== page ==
4. Contact your phone company and ask for either an unlisted number or an unprinted number. An unlisted number keeps you out of the phonebook and directory assistance. There is usually a fee for this. An unprinted number simply keeps you out of the phonebook. This is usually no fee for this.
  5. Write to Acxiom Corporation at PO Box 8180, Little Rock, AR 72203-8180, and ask to be removed from all of their databases. Acxiom Corporation maintains a huge information database and is often the source of phone directory data used by "Locate People" sites on the net.
  6. Write to Acxiom Corporation at PO Box 8180, Little Rock, AR 72203-8180, and ask to be removed from all of their databases. Acxiom Corporation maintains a huge information database and is often the source of phone directory data used by "Locate People" sites on the net.

What else can I do to protect my identity?
  1. Get your Social Security Card, and anything else with your SSN on it, out of your wallet.
  2. Next time you get your checks printed, do not print your address, phone number, or SSN on your checks.
  3. Make sure your anti-virus and security software is up-to-date and you use a firewall.
  4. Check your free credit report once a year. Be sure to get reports from all three credit agencies.
  5. Don't give out any personal information unless you are ABSOLUTELY sure who you are dealing with.
  6. Don't use an ATM if anyone is standing close. Take your receipt with you to shred latter.
  7. Don't leave bill payments in your mail box. Take them to the post office or postal drop box.
  8. Never provide your Social Security Number (SSN), bank account numbers, credit card numbers, or computer/internet password to anyone who calls you on the phone or requests such information in an email.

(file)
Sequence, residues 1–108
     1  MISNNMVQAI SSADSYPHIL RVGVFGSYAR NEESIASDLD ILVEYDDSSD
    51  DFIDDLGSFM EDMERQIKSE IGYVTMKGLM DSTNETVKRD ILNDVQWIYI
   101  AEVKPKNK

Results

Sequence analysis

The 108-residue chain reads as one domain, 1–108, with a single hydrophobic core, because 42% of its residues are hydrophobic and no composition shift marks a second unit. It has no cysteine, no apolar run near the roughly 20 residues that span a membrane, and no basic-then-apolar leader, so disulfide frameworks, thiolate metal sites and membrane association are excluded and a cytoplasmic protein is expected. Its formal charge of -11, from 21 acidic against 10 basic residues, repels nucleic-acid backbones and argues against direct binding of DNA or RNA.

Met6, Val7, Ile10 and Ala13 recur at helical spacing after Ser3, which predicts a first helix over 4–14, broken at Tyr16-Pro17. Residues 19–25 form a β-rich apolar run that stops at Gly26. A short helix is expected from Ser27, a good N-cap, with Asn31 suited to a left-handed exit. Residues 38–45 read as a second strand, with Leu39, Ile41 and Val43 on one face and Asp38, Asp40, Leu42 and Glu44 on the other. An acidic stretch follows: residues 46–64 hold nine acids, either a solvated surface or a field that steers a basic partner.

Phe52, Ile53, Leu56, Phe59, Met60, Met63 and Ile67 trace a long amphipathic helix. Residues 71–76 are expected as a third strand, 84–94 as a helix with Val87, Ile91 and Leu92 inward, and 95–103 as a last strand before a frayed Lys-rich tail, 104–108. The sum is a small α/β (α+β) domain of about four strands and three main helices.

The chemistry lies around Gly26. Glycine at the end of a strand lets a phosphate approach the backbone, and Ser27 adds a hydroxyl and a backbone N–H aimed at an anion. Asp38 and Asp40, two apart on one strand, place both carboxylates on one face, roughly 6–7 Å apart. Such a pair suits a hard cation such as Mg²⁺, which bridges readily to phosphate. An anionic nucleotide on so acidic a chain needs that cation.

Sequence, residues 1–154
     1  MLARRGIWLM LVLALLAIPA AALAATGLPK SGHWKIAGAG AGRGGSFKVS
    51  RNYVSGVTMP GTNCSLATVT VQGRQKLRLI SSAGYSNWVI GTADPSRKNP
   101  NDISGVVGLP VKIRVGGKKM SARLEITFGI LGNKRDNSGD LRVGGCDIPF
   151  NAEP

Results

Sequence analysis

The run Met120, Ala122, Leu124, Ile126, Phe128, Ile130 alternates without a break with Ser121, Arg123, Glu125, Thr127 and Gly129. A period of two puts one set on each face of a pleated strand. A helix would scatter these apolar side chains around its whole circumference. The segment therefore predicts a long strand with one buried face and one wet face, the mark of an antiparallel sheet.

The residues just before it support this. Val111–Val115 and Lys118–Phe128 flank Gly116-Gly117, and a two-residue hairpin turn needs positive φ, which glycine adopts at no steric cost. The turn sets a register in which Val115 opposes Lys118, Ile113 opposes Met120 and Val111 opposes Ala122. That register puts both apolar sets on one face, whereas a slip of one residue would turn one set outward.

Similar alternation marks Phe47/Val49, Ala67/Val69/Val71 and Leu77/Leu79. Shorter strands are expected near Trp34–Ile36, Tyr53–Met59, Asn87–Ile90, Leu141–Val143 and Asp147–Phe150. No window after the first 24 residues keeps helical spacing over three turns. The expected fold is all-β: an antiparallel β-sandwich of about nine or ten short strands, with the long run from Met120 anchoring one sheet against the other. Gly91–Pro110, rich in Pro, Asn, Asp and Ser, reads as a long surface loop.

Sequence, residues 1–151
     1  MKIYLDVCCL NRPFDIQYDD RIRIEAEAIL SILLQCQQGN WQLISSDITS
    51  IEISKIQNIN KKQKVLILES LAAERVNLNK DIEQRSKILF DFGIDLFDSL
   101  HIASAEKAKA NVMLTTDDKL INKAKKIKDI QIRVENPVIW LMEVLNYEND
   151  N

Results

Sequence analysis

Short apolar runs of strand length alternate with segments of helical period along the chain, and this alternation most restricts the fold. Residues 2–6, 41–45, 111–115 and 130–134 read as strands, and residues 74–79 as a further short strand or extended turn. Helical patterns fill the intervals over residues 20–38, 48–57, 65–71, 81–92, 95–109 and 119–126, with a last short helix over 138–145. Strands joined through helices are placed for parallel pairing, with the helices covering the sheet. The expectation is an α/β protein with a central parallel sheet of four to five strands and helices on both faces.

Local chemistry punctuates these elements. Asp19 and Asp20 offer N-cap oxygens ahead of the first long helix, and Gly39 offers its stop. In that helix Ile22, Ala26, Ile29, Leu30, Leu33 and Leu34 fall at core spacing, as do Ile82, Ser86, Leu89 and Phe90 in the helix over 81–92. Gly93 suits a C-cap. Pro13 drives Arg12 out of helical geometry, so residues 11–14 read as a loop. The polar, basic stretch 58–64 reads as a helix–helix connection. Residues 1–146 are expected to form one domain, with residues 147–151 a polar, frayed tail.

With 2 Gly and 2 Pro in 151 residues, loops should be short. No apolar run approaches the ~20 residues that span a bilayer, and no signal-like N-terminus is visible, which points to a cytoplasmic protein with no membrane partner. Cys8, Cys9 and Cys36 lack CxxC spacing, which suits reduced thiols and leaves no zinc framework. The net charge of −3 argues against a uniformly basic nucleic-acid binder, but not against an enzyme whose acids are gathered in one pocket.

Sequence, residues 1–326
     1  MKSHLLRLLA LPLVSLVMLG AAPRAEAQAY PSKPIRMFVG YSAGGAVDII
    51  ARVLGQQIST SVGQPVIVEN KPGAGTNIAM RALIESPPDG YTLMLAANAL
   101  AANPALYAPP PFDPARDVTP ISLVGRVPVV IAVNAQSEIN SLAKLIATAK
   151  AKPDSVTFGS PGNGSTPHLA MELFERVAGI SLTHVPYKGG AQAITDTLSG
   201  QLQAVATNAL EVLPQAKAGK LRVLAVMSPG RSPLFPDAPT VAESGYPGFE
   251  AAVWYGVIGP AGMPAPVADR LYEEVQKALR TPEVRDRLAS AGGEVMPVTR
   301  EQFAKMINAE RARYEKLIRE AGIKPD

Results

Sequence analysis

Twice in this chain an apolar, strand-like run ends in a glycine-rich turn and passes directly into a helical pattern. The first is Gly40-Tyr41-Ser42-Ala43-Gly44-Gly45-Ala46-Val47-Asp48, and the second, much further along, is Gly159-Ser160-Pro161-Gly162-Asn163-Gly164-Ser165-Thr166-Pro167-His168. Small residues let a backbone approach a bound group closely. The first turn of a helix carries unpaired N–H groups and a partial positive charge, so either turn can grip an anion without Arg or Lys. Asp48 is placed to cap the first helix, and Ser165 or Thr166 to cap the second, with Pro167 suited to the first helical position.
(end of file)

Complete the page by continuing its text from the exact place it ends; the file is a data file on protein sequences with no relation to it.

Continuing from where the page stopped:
9. When you make online purchases, make sure you do not enter any personal information or credit card numbers on the site unless the site is secure. A secured web site begins with "https:" rather than the normal "http:".
  10. When you use your credit card at a retail store, do not let it out of your sight.
  11. Clean out the glove compartment of your car. Don't leave mail, receipts, or other important documents in there.
  12. Have mail delivered to a secure location and don't put outgoing mail into your mailbox.
  13. Cancel all of your unused credit, debit, gasoline, and retail store revolving credit cards.
  14. Get a reasonably heavy duty cross-cut shredder and use it frequently to shred mail, paid bills, and anything else you might otherwise toss in the trash that has any personal or financial information on it.
  15. Remove images and personal details from Facebook, MySpace, Twitter, LinkedIn, Classmates, and other social sites.
  16. Consider an identity theft protection plan that helps monitor, protect, and recover your identity.
What should I do if I am a victim?

Visit our My Identity Has Been Stolen! page for immediate actions you should take.

Information is from sources believed to be reliable but cannot be guaranteed. The information presented is an opinion intended to assist people with the protection of their privacy and personal information. Since we do not have complete control over the "Ads by Google" appearing on this page, we do not directly endorse their sites or products. Please notify us if you find any of the advertisers to be misleading.

Credit Report Directory
Quickly locate all the contact information and links you need for getting in touch with Experian, Equifax, TransUnion, and Innovis, and how to get a free credit report.

Opt Out!
Contact information and tips for getting yourself removed from junk mailing lists and telemarketing lists.

My Identity Has Been Stolen!
Actions you should take immediately if your identity has been stolen.

How To Find and Collect Your Unclaimed Property
Information on how, and where, to search for free and how to claim any lost money. It's worth searching just to find out if any money is owed to you.

Feel free to contact me to correct any information in this article
or to alert me to additional information one should consider.

© 2005 Topher
Updated 2019